The Reconstruction Era

Emily Larson

The Civil Rights Amendments

The 13th Amendment: declared that, "Neither slavery nor involuntary servitude, except as a punishment for crime whereof the party shall have been duly convicted, shall exist within the United States, or any place subject to their jurisdiction."

The 14th Amendment: "All persons born or naturalized in the United States, and subject to the jurisdiction thereof, are citizens of the United States and of the state where they reside. No state can make or enforce any law which will abridge the privileges or immunities of citizens of the United States; nor shall any state deprove any person of life, liberty, or property, without due process of law; nor deny to any person within its jurisdiction the equal protection of the laws."

The 15th Amendment: "Granted African American men the right to vote by declaring that the right of citizens of the United States to vote shall not be denied or abridged by the United States or by any state on account of race, color, or previous condition of servitude"

Plans for Reconstruction

President Lincoln's Plan:

1. General amnesty would be granted to all who would take an oath of loyalty to the United States and pledge to obey all of the federal laws pertaining to slavery.

2. High Confederate officials and military leaders were to be temporarily excluded from the whole process.

3. When 1/10 of the number of voters who had participated in the election of 1860 had taken the oath within the state they lived, that state could start a new government and elect representatives to Congress.

Johnson's Plan:

1. Pardons would be given to all those who had taken the oath of loyalty.

2. No pardons would be given to high Confederate officials and people owning property which valued over $20,000.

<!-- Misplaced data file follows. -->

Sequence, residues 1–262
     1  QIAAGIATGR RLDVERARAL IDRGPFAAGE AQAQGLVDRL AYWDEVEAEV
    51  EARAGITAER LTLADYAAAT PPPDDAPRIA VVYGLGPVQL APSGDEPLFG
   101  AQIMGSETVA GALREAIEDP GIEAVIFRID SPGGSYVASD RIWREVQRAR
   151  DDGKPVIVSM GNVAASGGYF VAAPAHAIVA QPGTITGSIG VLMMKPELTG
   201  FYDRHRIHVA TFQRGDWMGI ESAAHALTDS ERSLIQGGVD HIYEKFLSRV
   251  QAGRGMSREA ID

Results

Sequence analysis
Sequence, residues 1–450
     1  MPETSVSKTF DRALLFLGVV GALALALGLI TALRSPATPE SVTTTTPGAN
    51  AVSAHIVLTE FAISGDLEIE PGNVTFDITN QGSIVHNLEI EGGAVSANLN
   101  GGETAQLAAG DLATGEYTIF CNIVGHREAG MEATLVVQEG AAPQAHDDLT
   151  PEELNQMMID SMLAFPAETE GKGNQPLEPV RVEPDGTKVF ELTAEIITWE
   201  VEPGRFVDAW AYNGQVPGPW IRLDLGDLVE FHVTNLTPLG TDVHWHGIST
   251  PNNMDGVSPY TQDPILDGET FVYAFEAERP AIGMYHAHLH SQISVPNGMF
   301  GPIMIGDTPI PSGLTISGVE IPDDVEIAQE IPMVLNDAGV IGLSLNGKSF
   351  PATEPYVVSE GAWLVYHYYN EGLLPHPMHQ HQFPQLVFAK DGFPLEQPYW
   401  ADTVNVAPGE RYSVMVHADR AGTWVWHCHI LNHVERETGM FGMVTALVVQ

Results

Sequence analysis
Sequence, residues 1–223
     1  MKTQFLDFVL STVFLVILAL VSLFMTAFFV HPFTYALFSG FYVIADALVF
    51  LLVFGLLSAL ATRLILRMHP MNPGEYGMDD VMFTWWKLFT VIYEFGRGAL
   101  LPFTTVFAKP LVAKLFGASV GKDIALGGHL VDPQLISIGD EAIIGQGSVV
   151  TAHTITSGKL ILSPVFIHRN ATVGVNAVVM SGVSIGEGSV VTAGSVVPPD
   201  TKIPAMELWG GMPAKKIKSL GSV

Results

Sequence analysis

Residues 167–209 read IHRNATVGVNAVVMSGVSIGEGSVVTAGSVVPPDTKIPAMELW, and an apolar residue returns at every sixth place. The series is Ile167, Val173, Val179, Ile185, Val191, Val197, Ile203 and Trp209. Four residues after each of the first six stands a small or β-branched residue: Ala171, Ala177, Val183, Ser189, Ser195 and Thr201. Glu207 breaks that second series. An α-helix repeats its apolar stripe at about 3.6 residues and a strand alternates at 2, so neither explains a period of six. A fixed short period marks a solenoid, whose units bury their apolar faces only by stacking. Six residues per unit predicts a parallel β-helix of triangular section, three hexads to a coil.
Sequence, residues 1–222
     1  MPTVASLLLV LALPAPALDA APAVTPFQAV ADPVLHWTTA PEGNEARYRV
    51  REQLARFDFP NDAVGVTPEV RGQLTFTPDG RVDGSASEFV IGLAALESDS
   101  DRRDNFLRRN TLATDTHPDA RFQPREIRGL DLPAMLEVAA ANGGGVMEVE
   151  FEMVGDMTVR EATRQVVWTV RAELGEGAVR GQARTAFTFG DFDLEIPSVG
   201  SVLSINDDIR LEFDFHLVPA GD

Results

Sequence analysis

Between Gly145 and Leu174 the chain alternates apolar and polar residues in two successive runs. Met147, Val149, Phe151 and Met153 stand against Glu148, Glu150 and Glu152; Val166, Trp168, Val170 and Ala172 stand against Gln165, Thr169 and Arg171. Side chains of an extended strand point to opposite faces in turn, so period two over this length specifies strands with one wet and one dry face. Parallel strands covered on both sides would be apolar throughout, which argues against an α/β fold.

3. Slavery HAD to be abolished before the state could be readmitted into the Union.

4. The states were required to repeal its secession ordinance before they were able to be readmitted.

Congress' Plan:

1. A state must have a majority within the borders take the oath of loyalty.

2. Each state must formally abolish slavery.

3. No Confederate officials would be allowed to participate in the new governments.

Radical Repulican Plan:

1. To gain revenge against the south for starting the war.

2. Help former slaves feel free now that they actually are free

3. Keep the Republican party in power in both the North and the South

The Black Codes

In 1865 and 1866, state governments in the South enacted laws designed to make the lives of former slaves more regular. The laws were different from state to state, but they all revised the earlier slave laws. Some common elements appeared in all of them:

  • Race was define by the persons blood; the presence of any amount of black blood made a person black
  • Employment was required of all freedmen; violators faced charges
  • Freedmen could not assemble without the presence of a white person
  • Freedmen were assumed to be agricultural workers and their duties and hours were regulated strictly
  • Freedmen couldn't be taught to read or write
  • Public facilities were segregated
  • Violators of these laws were subject to being whipped or perhaps branded

Effects of the Black Codes